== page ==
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Levitt: The Globalization of Markets

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Levitt: The Globalization of Markets

Theodore Levitt has written articles that have paved the way for people to think innovatively. Among his important works are "Marketing Myopia" and "The Globalization of Markets," published in 1983. While "Marketing Myopia" deals with the notion that companies should become more aware of meeting the needs of customers, "The Globalization of Markets," focuses on the technological advancements in society and how companies can benefit by producing standardized products globally. Essentially Theodore Levitt advises companies that wished to survive in the long-term should expand quickly to global scale.

Levitt argues that new technology has "proletarianized" communication, transport, and travel. The essence of what he is saying is that the public wants a piece of the new innovation in other markets at a low cost. Levitt argues that well-managed companies shift from designing customized items to offering "globally standardized products." These products need to carry the characteristics of manufacturing the "most advanced things that the world makes and sells--goods of the best quality and reliability at the lowest price"(93, Harvard Business Review).

Levitt discusses the different outcomes of multinational companies vs. global companies. He indicates that multinational companies that concentrate on the unique consumer preferences, have become unable to become successful because they are hindering themselves from both pursuing and prospering in a global market. Levitt adds that only global companies can be successful in the long term by focusing on what everyone wants rather than worrying about the details of what everyone thinks they might desire. In order to achieve that, Levitt introduces the theory that products are becoming more 'homogenous'. By products becoming more homogenous (alike), they are able to cater to a larger demographic geographically. Rather than making a product that fits only a certain city, state or nation, Levitt argues that it is important to make them standard all across the board. To exemplify this idea, he used an example of a famous washing machine company named Hoover. Hoover, a washing machine manufacture attempted to expand their business under the strategy of multinational. Hoover targeted Germany and in doing so they attempted to retail a washing machine that was higher in price and less practical. Hoover failed to understand that demographically targeting the market, which has a higher income and is more sophisticated would lead to less sales. The public wanted something simple and inexpensive.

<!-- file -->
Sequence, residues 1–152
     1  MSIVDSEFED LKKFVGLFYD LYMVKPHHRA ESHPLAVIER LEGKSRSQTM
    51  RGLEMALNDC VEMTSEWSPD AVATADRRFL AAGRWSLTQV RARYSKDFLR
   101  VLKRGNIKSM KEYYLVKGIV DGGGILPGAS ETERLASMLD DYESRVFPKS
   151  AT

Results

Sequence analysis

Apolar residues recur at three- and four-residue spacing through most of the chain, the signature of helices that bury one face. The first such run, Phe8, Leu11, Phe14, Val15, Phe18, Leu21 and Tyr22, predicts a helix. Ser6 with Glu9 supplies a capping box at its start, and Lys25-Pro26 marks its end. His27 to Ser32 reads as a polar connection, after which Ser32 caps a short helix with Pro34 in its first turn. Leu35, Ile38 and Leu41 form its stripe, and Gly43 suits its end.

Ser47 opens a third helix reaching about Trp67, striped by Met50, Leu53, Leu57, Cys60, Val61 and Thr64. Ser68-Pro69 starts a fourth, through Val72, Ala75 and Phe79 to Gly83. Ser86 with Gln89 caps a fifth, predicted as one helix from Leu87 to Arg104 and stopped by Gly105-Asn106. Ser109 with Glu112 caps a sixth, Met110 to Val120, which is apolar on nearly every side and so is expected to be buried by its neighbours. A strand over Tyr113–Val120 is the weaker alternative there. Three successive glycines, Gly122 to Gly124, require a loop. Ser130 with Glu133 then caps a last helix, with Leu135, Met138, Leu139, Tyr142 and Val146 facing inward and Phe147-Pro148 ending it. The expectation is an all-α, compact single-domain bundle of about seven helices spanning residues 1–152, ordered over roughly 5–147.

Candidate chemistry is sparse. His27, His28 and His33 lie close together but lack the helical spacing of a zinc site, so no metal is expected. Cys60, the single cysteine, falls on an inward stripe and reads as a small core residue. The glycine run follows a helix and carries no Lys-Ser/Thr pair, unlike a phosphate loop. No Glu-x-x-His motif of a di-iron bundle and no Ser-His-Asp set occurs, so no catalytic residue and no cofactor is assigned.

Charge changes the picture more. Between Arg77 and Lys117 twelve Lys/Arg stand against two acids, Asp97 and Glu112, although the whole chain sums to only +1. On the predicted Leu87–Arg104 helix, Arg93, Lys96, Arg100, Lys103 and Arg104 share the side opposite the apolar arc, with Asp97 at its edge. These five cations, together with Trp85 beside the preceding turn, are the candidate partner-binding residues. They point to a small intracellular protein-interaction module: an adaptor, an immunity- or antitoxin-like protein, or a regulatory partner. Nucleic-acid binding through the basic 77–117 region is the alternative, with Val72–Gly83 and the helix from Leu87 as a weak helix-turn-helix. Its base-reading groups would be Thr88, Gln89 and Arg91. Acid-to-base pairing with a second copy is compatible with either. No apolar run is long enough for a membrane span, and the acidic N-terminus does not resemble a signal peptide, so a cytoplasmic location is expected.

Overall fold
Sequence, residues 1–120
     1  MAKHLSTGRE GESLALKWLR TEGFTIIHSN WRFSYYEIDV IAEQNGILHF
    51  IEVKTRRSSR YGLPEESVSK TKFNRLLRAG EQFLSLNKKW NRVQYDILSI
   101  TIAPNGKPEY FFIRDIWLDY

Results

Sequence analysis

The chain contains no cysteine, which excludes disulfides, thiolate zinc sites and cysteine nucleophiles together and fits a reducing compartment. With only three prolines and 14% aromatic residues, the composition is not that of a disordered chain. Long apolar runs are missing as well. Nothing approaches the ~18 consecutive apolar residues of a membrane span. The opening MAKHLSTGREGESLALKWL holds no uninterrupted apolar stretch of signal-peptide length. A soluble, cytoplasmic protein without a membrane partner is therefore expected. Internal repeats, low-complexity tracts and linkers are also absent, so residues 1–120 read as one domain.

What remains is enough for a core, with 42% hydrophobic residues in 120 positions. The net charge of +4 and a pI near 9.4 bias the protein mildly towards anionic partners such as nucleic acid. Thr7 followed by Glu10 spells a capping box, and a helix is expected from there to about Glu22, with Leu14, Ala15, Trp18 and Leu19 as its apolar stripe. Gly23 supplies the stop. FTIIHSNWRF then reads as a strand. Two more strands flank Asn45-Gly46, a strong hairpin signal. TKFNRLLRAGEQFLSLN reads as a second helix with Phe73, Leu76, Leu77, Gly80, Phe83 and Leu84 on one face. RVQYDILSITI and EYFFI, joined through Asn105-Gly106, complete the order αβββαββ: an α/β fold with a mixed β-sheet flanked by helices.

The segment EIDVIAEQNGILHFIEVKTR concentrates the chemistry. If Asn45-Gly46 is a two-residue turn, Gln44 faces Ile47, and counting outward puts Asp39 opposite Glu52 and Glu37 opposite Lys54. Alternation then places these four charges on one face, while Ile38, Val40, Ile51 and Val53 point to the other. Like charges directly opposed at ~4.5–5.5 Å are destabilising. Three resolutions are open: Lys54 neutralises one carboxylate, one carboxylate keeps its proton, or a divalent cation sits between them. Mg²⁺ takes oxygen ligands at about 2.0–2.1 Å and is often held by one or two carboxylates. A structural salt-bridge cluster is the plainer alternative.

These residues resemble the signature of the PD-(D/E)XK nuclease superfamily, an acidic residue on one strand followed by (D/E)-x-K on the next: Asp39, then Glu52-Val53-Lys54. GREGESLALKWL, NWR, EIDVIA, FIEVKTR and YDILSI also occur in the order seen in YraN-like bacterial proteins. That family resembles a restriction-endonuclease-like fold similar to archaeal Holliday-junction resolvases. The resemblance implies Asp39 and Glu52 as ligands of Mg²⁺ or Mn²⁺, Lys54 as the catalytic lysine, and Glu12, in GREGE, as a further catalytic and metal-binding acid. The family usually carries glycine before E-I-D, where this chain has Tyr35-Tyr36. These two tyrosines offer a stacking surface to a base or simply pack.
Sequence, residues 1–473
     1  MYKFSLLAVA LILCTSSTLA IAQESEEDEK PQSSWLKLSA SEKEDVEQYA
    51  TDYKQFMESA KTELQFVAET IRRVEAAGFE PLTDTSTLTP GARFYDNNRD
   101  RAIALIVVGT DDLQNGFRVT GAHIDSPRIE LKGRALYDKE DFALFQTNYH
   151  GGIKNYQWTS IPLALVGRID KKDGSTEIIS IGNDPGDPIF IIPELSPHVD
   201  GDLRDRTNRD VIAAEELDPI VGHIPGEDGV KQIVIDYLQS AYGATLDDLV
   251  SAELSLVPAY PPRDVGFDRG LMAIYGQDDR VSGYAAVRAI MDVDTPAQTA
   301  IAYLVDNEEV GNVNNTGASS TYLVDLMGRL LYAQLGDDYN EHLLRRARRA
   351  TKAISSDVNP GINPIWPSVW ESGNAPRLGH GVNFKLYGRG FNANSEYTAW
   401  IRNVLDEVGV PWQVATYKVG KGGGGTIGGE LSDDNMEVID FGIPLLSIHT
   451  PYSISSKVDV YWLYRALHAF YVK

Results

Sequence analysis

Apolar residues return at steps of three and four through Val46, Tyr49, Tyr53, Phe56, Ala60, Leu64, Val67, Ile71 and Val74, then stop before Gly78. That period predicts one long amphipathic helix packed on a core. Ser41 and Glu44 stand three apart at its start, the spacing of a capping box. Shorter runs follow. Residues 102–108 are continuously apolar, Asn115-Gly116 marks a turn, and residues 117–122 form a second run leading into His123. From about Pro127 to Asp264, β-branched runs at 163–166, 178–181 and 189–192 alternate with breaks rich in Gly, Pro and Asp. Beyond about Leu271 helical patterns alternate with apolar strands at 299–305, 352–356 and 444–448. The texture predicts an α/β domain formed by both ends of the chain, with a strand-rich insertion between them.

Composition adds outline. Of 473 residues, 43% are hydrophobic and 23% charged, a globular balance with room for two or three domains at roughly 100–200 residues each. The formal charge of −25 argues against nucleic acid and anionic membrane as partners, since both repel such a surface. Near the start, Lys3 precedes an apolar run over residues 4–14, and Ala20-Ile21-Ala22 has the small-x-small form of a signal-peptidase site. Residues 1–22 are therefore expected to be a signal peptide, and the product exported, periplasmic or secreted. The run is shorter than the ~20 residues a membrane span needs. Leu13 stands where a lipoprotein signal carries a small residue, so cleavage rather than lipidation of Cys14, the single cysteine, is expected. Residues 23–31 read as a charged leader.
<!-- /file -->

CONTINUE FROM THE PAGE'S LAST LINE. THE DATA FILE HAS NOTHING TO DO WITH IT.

Levitt's analyses of the different ways to enter markets are accurate for its time, but are debatable in today's ever-evolving times. Levitt's assessment of transcending into



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